The individuals’ and families’ lifestyles are rigidly set in the short term, but adaptable over the long term. It’s especially useful to ask people about times in their lives when a particular event caused them to rethink their arrangements (moving home, career change, birth of a child, a child becoming independent, separation or divorce, etc.). At that point, what they’re in a position to manage and can change (control over working hours, the means of transport available, help from family members or neighbours, etc.) become clear, as do the constraints that limit their choices (forced schedules, people to look after, geographical distances, limited financial resources, etc.). Environmental considerations tend to have little impact in the short term, but people do sometimes mention them, for example, when they talk about their choice of a new place to live that enables them, for example, to use public transport more often.
Points of life transition do indeed show the malleability of individual and household routines. But we need to move still further beyond the question’s focus on current routines. Some historical depth shows that at a more collective level, taken for granted routines are continually shifting. Analysis of past changes to collective ways of doing can give clues to future possibilities of change.
First, practice theory accounts for the profoundly limited effects of interventions based on informing people to make ‘better’ choices. Mostly, the way people do mobility is structured into the ways their lives are organised in space and time leaving limited space for choosing to travel otherwise. Second, it can illuminate different means of intervention, such as seeking to normalise lower carbon means of mobility, as can be seen in a few places in the UK where cycling has become increasingly normal; or by shifting the social meaning of higher carbon modes of mobility so they are relatively less acceptable. A focus on practices also illuminates how mobility is largely a means of coordination between other practices – getting from one site of doing specific things (say home) to another site (say work) with an acceptable amount of time and trouble. Interventions to make mobility more sustainable might therefore better look to intervene in the practices which engender mobility. Ultimately, though, shifting personal mobility to a meaningfully sustainable state means a degree of transformation which entails change throughout the system of mobility, requiring changes to practices also in planning offices, company board rooms and government ministries, as well as on the roads.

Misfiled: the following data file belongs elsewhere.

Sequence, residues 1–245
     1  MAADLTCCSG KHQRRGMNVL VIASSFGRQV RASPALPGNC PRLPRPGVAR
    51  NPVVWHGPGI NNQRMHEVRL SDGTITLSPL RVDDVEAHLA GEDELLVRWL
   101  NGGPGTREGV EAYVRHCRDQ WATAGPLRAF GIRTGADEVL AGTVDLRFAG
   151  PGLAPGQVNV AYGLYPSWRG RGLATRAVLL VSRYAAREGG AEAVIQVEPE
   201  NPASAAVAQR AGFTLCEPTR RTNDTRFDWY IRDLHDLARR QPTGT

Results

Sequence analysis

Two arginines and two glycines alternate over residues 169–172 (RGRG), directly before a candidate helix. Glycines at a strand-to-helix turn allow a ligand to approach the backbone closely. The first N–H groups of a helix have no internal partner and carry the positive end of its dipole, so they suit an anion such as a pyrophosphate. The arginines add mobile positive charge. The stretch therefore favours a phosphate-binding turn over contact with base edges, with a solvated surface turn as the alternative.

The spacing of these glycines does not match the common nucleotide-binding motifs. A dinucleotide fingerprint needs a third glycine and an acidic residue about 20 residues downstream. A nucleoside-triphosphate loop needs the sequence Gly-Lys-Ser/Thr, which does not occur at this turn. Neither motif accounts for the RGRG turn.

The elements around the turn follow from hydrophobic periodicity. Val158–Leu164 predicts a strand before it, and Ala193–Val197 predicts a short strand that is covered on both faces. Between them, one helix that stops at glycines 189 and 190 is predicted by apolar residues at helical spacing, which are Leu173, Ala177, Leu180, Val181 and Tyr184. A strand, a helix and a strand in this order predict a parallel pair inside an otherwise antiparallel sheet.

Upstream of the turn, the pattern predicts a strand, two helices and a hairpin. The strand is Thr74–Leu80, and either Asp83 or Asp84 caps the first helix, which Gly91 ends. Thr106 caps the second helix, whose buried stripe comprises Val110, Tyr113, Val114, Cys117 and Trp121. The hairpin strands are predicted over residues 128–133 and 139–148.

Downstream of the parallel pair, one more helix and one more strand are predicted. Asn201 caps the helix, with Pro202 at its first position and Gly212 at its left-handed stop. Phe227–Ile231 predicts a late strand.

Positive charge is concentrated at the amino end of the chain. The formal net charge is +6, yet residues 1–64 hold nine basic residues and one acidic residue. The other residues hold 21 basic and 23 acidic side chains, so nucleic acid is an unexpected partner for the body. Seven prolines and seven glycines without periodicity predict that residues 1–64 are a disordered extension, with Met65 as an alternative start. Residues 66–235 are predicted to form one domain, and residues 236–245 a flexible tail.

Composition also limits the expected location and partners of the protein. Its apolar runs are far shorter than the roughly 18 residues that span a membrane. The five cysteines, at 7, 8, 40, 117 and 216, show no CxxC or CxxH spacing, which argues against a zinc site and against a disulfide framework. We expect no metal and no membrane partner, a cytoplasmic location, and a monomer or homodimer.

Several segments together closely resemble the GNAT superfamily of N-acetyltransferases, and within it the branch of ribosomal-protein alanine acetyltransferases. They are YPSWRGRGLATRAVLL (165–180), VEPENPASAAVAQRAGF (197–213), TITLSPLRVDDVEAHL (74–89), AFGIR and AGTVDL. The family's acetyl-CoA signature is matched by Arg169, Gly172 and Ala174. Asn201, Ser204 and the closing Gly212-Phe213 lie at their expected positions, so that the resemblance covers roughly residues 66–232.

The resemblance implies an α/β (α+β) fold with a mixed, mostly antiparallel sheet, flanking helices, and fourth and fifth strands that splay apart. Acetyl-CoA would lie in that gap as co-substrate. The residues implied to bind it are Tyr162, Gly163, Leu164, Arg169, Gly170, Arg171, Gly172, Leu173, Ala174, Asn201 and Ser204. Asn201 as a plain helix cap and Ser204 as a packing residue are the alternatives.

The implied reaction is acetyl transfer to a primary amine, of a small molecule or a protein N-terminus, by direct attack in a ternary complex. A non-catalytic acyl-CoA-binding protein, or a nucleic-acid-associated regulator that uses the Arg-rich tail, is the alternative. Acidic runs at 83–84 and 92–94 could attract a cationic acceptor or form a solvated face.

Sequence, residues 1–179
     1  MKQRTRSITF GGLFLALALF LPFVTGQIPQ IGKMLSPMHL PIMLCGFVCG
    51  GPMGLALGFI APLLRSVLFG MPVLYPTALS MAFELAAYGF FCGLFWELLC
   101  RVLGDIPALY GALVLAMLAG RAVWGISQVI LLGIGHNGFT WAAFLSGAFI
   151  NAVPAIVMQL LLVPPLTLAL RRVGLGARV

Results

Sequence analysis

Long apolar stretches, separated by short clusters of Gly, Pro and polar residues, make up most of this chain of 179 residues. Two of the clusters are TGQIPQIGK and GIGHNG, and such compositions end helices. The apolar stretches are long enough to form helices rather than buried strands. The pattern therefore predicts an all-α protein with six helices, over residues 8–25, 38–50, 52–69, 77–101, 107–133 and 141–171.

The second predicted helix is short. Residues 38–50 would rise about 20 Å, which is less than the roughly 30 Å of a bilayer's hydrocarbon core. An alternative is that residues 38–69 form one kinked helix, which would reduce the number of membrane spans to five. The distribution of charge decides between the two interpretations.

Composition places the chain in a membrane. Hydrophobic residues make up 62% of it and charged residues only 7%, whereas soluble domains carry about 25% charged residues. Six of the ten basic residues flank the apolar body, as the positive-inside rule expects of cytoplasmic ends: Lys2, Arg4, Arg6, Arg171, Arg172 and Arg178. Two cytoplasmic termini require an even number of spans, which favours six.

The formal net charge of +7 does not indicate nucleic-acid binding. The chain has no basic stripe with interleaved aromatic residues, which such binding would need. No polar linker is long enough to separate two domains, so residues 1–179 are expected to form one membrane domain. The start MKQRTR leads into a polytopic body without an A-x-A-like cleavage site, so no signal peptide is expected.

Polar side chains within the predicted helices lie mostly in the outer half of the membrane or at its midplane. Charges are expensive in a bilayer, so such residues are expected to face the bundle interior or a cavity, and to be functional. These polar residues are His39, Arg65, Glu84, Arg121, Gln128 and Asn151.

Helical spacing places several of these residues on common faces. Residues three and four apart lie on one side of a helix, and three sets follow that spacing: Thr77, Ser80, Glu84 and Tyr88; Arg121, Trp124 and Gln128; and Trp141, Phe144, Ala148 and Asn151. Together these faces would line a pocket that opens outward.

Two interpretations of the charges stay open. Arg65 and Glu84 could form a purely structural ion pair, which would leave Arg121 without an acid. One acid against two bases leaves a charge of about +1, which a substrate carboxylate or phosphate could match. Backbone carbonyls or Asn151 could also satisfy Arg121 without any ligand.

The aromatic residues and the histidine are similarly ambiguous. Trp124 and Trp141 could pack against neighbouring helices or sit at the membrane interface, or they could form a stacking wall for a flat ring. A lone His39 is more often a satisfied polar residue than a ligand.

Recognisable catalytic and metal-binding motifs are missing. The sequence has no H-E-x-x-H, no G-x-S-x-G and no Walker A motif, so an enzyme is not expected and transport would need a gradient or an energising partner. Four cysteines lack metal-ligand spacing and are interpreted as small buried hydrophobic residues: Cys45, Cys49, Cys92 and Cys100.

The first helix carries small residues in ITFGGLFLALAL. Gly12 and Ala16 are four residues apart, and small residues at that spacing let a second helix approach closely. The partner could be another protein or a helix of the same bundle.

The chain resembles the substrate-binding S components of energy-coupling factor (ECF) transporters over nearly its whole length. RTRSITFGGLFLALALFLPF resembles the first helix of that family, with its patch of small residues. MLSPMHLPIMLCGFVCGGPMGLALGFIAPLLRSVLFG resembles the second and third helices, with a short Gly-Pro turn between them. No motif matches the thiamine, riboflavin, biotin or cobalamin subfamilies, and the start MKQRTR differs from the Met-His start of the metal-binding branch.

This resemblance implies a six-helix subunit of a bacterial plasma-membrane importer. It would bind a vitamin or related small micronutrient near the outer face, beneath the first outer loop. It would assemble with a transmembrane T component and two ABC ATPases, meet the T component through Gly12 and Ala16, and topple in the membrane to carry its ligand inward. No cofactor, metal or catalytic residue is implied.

Frédéric De Coninck
The point of departure of this theory is that commuters are not virtuous (and why should they be?). Above all they are seeking solutions that will save them time and make their lives easier. Innovation in this area is still too top-down. It's only by working with passenger groups to develop comfortable solutions that the constraints can be dealt with. Such acceptable solutions are not just mobility solutions. They can involve timetable management, teleworking options, new urban resources, etc.
There are some structural realities that are still fairly difficult to change. Big cities, for example, allow for dense public transport networks. However, at the same time, these networks also lead to high housing costs in central areas, which are a major driver of urban sprawl. One easy incentive would be to give people access (either by phone or via the web) to a clear picture of their energy consumption. Today, the vast majority of people underestimate the (energy) cost of their transport and have only a vague idea about how to control their consumption at home and the main elements of their carbon footprints. This is holding back the development of more local, shorter-distance lifestyles.
It is easy to imagine how people could be better informed about the carbon implications of their travel. But as we have both argued, how people travel results from how whole range of different things are made to relate together in the context of people’s lives. Modes of travel are consequently not very elastic in responding to price, and less to changes in knowledge of effects on climate. In the light of how routines come about, action needs to be framed more broadly.
Movement is the crossing of space by people, objects, capital, ideas and other information. It is either oriented, and therefore occurs between an origin and one or more destinations, or it is more akin to the idea of simply wandering, with no real origin or destination.
Matt Watson is lecturer in Social and Cultural Geography at the University of Sheffield. He has conducted research in the areas of sustainability, governing, technology and consumption.
Frédérick De Coninck is a General Highways and Civil engineer and professor of sociology. He is director of the City, Transports and Territories doctoral school at University Paris-Est.
To quote this publication:
Matt Watson and Frédéric De Coninck (2015, 28th of October), « Changing behaviour for a low-carbon future », Mobile Lives Forum. Connnexion on 20th of November 2017, URL: http://en.forumviesmobiles.org/crossed-perspectives/2015/10/28/changing-behaviour-low-carbon-future-2959